In the middle of the historic walled city; surrounded by trees and a 15th century palace stands the castle that witnessed the birth of this nation. The castle of Guimarães is simple, yet a formidable site, it was here that D. Afonso Henriques was born in the 12th century to the Count Henrique and his wife D. Teresa. The future king was baptized in the Romanesque chapel of São Miguel outside the castle gate.
Today, the ruined palace of the first king, with its simple granite walls, remains. The pointed castellated walls and parapet, high keep and guard towers remain, a reminder to today’s Portuguese of the courage of their first king.
Writer José Francisco Trindade Coelho is tied to the rugged Northeast of Portugal where he was born more than 200 years ago. This Portuguese author from the Trás-os-Montes region was born in 1861 in the town of Mogadouro. The town first became part of the kingdom of Portugal in the thirteenth century. The land was then ceded to the Order of the Knights Templar, who founded a castle here, that still crowns the town. This time of year, the almond-trees are in blossom and the fields are covered with a blaze of white. In 1891, Trindade Coelho wrote this of the Castle of Mogadouro, in “Tipos da Terra - Os Meus Amores,”
Up high, dominating the dark chimneys of the roof tops, the ancient castle,
Roman in origin, was saddening with its fallen defenses, and vast walls in ruin.
To its side rose stubbornly
an old clock tower,
in a primitive style.
It was 11 p.m., and it still read 7,
that damned thing never got it right.
The Lost Valley of Arouce is about 2 hours north of Lisbon in the Centro de Portugal Region. Here you will find the ruins of a castle that once defended the village of Arouce. The village is now overgrown with trees, its houses gone or mere remnants. The castle is now just a small keep, and a circular wall of brown slate tiles. It sits on a forested hill, surrounded by steep mountains. According to legend, the castle was built by “King Arouce”- who fled to this hidden valley with his daughter when barbarians overran the Roman City of Conimbriga in the 4th century. Portugal later emerged as its own nation in the 12th century, and the town and castle of Arouce lost their importance. The valley fell silent and Arouce was gone by 1513, veiled in mystery and myth. Arouce is outside the quaint town of Lousã and is just one of many tiny villages that dot the Serra da Lousã landscape.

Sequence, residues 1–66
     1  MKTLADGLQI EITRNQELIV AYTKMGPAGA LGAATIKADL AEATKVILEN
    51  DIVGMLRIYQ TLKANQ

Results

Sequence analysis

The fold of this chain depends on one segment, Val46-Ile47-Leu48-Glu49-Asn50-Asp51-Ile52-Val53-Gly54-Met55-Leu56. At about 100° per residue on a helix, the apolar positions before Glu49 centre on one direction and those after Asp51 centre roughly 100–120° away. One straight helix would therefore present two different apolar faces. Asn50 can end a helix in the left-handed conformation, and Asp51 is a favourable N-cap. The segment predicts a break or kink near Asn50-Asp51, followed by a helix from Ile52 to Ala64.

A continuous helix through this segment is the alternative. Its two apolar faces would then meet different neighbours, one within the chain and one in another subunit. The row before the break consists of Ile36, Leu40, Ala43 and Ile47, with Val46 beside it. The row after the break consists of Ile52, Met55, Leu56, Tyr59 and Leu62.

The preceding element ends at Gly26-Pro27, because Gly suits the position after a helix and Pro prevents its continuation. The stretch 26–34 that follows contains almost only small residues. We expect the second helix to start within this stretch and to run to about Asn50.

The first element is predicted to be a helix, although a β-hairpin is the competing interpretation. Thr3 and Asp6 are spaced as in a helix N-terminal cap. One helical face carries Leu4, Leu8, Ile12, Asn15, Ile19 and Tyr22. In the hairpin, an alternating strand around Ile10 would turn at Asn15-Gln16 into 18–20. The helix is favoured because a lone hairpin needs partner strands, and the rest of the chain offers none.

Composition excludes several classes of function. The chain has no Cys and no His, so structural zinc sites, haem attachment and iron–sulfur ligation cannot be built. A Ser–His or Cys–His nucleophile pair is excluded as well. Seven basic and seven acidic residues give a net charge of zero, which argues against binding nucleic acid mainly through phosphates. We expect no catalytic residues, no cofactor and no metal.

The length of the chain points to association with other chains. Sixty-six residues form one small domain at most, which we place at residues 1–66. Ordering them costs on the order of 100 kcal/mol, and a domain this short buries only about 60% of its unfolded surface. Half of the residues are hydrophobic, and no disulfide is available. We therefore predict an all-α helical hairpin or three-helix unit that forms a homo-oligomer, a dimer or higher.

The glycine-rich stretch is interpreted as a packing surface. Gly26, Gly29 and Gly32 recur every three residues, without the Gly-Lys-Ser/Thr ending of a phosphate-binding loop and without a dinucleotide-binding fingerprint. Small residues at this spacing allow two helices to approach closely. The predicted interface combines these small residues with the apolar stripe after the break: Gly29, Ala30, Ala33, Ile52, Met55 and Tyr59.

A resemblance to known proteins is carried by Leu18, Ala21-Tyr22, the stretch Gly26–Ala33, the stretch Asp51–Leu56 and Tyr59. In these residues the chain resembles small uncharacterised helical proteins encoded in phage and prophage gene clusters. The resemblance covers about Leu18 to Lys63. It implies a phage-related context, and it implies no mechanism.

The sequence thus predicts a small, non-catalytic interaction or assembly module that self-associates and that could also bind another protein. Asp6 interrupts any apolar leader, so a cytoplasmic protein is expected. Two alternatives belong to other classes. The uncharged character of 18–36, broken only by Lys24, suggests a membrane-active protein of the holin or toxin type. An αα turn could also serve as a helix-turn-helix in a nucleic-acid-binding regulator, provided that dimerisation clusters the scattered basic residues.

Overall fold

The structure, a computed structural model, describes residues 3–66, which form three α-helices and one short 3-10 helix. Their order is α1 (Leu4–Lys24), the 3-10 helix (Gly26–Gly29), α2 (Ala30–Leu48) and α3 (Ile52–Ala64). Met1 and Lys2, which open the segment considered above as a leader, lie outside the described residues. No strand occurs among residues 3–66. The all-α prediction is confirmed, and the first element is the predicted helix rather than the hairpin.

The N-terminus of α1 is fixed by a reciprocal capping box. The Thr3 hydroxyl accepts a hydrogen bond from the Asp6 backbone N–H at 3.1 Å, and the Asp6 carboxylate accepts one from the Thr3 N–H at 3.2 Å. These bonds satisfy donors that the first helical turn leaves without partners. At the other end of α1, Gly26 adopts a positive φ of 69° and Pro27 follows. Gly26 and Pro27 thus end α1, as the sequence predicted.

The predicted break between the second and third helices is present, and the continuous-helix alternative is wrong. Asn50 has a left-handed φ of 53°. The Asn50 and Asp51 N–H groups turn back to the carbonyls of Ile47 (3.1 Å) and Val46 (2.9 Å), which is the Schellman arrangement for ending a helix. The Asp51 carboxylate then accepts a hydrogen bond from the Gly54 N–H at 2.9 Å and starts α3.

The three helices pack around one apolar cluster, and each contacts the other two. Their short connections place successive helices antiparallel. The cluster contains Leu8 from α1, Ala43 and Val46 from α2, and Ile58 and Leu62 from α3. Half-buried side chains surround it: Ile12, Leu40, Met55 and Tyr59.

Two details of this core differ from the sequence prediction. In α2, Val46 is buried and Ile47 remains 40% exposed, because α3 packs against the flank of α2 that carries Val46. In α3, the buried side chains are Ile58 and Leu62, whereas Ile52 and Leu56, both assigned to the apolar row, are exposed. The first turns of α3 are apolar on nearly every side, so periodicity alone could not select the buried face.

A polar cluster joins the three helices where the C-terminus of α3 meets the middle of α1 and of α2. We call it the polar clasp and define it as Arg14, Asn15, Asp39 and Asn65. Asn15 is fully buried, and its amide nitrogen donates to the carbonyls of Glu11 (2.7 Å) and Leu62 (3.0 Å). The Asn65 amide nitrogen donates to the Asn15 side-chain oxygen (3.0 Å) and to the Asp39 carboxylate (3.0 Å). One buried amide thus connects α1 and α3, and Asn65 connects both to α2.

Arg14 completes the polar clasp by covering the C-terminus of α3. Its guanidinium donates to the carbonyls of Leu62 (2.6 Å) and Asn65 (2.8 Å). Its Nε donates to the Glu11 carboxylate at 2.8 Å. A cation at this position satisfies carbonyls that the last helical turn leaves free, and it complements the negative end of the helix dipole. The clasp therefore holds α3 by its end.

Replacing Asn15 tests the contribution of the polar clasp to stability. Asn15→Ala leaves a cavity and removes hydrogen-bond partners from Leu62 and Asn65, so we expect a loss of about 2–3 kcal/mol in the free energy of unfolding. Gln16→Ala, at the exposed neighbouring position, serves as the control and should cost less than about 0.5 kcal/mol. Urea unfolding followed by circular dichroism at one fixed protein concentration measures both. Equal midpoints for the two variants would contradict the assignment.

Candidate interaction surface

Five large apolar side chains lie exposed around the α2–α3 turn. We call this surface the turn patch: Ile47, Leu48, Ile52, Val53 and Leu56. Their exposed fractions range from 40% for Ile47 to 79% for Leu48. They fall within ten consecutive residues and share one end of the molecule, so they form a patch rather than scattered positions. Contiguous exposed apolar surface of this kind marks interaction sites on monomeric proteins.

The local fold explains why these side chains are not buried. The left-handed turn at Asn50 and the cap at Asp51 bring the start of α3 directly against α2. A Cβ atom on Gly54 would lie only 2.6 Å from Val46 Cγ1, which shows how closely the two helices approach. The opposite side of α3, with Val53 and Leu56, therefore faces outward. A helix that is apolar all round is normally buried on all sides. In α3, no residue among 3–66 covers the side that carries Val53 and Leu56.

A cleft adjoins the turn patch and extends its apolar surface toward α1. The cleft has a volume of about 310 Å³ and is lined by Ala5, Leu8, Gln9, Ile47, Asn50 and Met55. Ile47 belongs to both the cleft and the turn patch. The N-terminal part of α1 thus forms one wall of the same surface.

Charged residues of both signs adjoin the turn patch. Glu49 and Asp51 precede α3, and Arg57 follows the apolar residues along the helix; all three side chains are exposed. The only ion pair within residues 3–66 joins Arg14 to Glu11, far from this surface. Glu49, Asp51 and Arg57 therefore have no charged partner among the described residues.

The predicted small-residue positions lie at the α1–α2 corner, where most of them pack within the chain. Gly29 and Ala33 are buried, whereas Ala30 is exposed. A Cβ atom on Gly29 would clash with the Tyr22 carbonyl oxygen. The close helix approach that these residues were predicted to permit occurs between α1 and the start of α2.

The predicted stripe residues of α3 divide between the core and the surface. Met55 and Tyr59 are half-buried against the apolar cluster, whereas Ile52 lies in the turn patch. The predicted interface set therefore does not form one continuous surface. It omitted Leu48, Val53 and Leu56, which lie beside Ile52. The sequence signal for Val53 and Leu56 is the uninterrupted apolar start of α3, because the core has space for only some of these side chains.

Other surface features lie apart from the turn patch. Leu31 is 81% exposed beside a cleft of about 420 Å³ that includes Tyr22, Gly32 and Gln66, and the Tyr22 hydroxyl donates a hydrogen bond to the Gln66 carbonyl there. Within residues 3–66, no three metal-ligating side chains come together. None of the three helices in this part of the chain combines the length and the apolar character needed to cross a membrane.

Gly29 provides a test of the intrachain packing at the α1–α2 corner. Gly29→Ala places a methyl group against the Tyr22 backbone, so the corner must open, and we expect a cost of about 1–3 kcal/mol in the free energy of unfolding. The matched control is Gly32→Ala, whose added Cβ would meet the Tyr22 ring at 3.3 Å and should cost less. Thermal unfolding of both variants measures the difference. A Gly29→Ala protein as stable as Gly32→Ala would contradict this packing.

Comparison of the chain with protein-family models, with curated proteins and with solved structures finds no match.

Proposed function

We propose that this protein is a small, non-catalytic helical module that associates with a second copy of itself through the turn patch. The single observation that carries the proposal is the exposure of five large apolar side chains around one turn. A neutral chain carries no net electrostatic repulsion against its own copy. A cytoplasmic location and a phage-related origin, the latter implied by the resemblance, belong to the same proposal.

To the Portuguese, this tiny town will always be associated with the great Álvaro Gonçalves Coutinho, a 15th century knight nicknamed “Magriço,” or “the thin one.” This roaming knight was immortalized in the masterpiece of Portuguese literature “Os Lusiadas,” by Luis Vaz de Camões.
The castle of Penedono belonged to the Coutinhos, and is one of the most magnificent in all of Portugal. Its reddish towers loom over the small town, rising to fantastic heights. The castle dates to the 10th century, but the fanciful structure that dominates the town of Penadono today is mostly from the 15th century. The ornate towers, mighty red walls and imposing location guard nothing but an empty space that once was the palace of the Coutinho family and an endless view.
“A castle with fives sides is not be found in Portugal,” says the old poem, “If not on the banks of the Côa, in the village of Sabugal.” And true to its word, the keep of the castle of Sabugal is pentagonal and it is quite a castle at that. As the first walls rose in the 12th century’s Ogival style, the small town became a battleground, first between a young Portugal and the Moorish armies, and then between Portugal and Castile. Legend has it that the kings of both nations met in the castle in 1224 to work out the disputed border. Almost a century later, the lands were still in dispute, leading King D. Dinis to expand the castle, adding an unprecedented five sided keep, a solid new ring of walls, and a subtle message to the Castilians: This was a Portuguese town. Sabugal retained its importance in 15th century when King D. Manuel I ordered it repaired, adding elegant balconies with murder holes, and cross-shaped archer’s loops. Today, the restored castle retains its ancient might with well preserved rings of circular, delicately castellated walls, and a five-sided keep that still proclaims: This is Portugal.
“Lovely to see” is what Belver means. And, legend has it that King D. Sancho I asked the knights of St. John of the Hospital to build a castle on a hill overlooking the Tejo River. In 1194, the knights of St. John began to build their castle, which they defended until 1350, when the Order of Crato took on the task. The castle served as a base for attack to the south, while its high walls and impressive keep deterred Moorish assaults. Belver’s castle still dominates the highest hill on a green and yellow bank of the Tejo, with a small village in its lap. The fine walls, which are in a good state, circle the keep in the shape of a pear. The walls offer breathtaking views of the Tejo, and a sense as to how Belver got its name.
Pinhel is a walled interior town of 9,000 and has some great architecture and great wine. The name Pinhel comes from the great abundance of pines existing in the area. Pinero’s.
The proximity of Pinhel to Spain means that this well-fortified Pinhel Castleis a fine example of Portugal's unique Manueline architecture.
Surrounded by walls and rivers, and lying at the heart of a system of fortifications that included the castles of Trancoso, Marialva and Castelo Mendo, Pinhel was one of the most advanced strongholds in this part of Portugal until the 13th century.